File Api [Was: [your code here]]

H. S. Teoh hsteoh at
Fri Feb 17 18:48:25 PST 2012

On Fri, Feb 17, 2012 at 09:20:59PM -0500, bearophile wrote:
> H. S. Teoh:
> > P.S.S. The .idup is a bit ugly, but necessary, since apparently
> > byLine() calls readln() with a static buffer, so choice will be
> > silently overwritten if the .idup is omitted.
> An alternative File API that to me looks nice. This is a first part,
> it's for scripting-like or not high performance purposes, it looks
> essentially like Python code, every line is a newly allocated string:
> import std.stdio;
> void main() {
>     string[] lines;
>     foreach (line; File("data.dat")) {
>         static assert(is(line == string));
>         lines ~= line;
>     }
> }

I don't think it's a good idea to have File() automatically iterate by
lines. What if data.dat is binary? I think it's still better to have:

	foreach (line; File("...").lines()) { ... }

where File.lines() is a lazy method that reads the file line-by-line.

For binary files, you could have File.byChunk!T() where T can be any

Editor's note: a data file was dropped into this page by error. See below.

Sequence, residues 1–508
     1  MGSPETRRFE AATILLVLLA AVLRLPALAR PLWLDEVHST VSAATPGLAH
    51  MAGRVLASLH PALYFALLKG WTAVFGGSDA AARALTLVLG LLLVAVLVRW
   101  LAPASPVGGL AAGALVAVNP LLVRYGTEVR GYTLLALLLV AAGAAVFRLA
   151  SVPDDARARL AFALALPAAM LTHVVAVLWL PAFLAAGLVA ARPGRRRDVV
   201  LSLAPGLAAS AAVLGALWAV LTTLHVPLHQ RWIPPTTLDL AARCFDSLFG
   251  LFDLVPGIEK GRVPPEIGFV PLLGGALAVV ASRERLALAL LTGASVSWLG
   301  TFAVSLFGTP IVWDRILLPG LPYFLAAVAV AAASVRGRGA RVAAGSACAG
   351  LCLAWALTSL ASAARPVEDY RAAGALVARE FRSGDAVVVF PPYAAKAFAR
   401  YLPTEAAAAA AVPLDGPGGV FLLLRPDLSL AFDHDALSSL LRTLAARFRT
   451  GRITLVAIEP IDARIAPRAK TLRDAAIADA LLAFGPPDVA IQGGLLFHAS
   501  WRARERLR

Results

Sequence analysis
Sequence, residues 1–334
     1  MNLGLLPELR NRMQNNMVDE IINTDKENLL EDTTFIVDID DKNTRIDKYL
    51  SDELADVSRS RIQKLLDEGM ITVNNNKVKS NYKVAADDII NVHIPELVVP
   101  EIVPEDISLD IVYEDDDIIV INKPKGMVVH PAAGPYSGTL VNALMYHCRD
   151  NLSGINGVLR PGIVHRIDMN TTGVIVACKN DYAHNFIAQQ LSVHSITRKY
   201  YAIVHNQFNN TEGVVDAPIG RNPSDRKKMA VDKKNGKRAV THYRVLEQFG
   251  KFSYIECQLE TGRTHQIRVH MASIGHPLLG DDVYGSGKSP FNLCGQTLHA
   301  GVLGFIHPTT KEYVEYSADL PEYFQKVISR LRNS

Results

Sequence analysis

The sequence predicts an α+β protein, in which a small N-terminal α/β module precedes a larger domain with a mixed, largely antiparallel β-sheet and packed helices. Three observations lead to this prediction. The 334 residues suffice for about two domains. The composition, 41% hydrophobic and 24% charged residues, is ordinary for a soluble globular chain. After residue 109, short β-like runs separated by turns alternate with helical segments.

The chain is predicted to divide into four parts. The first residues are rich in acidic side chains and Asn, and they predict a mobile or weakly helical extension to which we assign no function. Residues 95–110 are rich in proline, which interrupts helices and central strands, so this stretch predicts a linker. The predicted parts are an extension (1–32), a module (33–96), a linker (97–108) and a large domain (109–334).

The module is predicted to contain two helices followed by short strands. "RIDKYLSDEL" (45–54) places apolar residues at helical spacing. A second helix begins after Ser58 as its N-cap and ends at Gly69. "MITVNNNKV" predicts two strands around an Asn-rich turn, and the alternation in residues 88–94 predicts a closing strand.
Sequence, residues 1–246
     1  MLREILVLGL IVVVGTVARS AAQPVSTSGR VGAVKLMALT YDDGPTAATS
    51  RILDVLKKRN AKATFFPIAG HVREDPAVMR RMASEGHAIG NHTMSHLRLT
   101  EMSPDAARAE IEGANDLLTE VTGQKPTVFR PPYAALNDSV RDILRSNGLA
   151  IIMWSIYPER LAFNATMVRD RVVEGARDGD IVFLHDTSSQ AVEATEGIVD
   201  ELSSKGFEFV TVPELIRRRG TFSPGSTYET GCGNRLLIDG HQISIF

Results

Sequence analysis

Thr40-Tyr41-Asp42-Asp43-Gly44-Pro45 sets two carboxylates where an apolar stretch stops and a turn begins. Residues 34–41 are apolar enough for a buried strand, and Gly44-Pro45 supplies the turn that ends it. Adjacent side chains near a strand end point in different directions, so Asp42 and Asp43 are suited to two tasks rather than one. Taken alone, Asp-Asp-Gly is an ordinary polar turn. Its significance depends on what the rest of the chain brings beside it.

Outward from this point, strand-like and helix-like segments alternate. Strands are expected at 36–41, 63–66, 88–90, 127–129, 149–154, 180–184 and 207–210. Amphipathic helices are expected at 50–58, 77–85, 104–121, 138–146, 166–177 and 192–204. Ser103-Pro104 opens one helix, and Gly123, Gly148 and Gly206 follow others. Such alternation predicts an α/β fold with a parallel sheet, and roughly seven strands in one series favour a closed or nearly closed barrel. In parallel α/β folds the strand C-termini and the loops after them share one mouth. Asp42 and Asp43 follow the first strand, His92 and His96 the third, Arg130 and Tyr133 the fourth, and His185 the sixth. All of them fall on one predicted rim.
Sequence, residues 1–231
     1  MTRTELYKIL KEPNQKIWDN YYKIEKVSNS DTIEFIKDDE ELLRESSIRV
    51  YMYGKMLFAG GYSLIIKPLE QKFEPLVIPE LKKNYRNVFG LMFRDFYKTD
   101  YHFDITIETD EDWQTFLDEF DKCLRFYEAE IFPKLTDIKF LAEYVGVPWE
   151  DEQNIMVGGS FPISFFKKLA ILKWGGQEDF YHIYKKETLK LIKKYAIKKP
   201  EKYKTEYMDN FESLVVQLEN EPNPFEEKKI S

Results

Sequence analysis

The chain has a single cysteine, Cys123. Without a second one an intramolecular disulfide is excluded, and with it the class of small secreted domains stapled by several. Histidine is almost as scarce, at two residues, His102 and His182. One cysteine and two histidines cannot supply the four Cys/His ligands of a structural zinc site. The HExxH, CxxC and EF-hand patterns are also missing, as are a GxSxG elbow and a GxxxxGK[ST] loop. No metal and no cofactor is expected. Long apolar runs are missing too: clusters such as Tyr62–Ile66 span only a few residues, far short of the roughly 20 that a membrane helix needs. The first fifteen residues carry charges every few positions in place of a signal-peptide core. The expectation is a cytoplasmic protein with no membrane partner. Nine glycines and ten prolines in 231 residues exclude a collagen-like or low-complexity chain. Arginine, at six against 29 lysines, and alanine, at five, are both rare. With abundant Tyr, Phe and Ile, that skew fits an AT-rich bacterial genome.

type, struct, etc., with the appropriate method for construction on

> If you don't want a new buffer every line you use something like this:
> import std.stdio;
> void main() {
>     string[] lines;
>     foreach (line; File("data.dat").fastLines()) {
>         static assert(is(line == char[]));
>         lines ~= line.idup;
>     }
> }
> So on default it's handy, short and safe, and with a method you avoid
> an allocation every line and get a mutable char[].

Makes sense.

> Maybe even this works, downloads a page and scans its lines, but maybe
> it's better to add a bit of extra safety to this:
> foreach (line; File("")) {}

I don't know about this, I would prefer downloading files to be in
another class, not File. As long as they provide a Range interface it's
good enough. Perhaps File and NetworkFile (or whatever you want to call
it) can implement the same interface, .lines() for safe iteration,
.fastLines() for buffered iteration.

Anyway, is anyone working on a new file I/O interface? I'd like to see and std.stdio combined, for one thing. Or replaced with a
range-based API.


Frank disagreement binds closer than feigned agreement.

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